When people get into trouble with their payments they will often look to credit counselling as an option to lower their payments. Other than credit counselling, there are other options including orderly payment of debts and bankruptcy that can be used to relieve your debt burden. Before entering into any of these arrangements it is important to research them fully. You must also be aware that all of these options will negatively impact your credit score and will inhibit you from borrowing money for lengthy periods of time depending on your situation.
Credit counselling is a process that is used to help individual debtors with debt settlement through education, budgeting and the use of a variety of tools with the goal to reduce and ultimately eliminate debt. Credit counselling is most often done by Credit counselling agencies that are empowered by contract to act on behalf of the debtor to negotiate with creditors to resolve debt that is beyond a debtor’s ability to pay. Some of the agencies are non-profits that charge no fee, while others can be for-profit and include high fees.
Orderly Payment of Debts (OPD), also known as a “consolidation order”, may be a suitable solution to your debt problems. OPD is similar to consumer proposals, but considered to be a less drastic solution. It extends the time (up to three years) to pay off your debts, and is legally binding on your creditors. However, it differs from proposals in that you cannot freeze the interest or negotiate a reduction to the principal.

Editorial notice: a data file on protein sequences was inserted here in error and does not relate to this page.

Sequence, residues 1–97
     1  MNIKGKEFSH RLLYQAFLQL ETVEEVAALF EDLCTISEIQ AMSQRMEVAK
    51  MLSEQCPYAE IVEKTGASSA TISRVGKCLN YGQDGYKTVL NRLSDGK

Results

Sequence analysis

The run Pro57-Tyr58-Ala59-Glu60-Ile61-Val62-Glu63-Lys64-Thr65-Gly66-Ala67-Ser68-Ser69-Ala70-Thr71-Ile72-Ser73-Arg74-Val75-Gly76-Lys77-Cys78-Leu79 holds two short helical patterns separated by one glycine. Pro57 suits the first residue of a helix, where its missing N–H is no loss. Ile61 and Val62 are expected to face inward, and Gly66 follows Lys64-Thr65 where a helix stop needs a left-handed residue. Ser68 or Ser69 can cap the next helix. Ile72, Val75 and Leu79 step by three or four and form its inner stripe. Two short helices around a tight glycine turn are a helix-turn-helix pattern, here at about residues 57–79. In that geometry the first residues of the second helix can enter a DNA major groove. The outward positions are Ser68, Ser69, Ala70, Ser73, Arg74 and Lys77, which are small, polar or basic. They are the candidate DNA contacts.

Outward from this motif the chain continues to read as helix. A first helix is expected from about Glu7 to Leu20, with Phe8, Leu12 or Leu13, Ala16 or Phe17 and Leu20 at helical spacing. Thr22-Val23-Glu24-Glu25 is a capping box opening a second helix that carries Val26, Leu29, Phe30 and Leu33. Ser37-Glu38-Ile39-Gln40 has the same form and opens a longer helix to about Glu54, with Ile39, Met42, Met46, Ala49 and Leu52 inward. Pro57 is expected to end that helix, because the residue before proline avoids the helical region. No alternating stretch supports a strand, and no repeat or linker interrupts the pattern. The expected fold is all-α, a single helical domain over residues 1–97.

Bankruptcy is a legal status of a person that cannot repay debts to creditors. In most jurisdictions, bankruptcy is imposed by a court order, often initiated by the debtor. Bankruptcy is not the only legal status that an insolvent person may have, and the term bankruptcy is therefore not a synonym for insolvency. Bankruptcy offers an individual or business a chance to start fresh by forgiving debts that simply cannot be paid, while offering creditors a chance to obtain some measure of repayment based on the individual’s or business’s assets available for liquidation. Upon the successful completion of bankruptcy proceedings, the debtor is relieved of the debt obligations incurred prior to filing for bankruptcy.
As mentioned above, these are all options available to people if they are having issues making payments. In terms of borrowing money there are a few things to consider. Lenders will not lend you money while you are participating in any of these programs. Your credit score will be severely negatively impacted if you enter any of the above arrangements. Once you have completed these programs, most “A” lenders will not consider lending you a mortgage for at least 2 years after your completion. In addition you must have at least 2 pieces of credit re-established for 2 years. There are “B” and private lenders that will look at lending to you sooner than the 2 year period has expired but their rates are higher than your “A” lenders. All in all, entering into any of these arrangements should be taken seriously and given much consideration as to your future borrowing needs.
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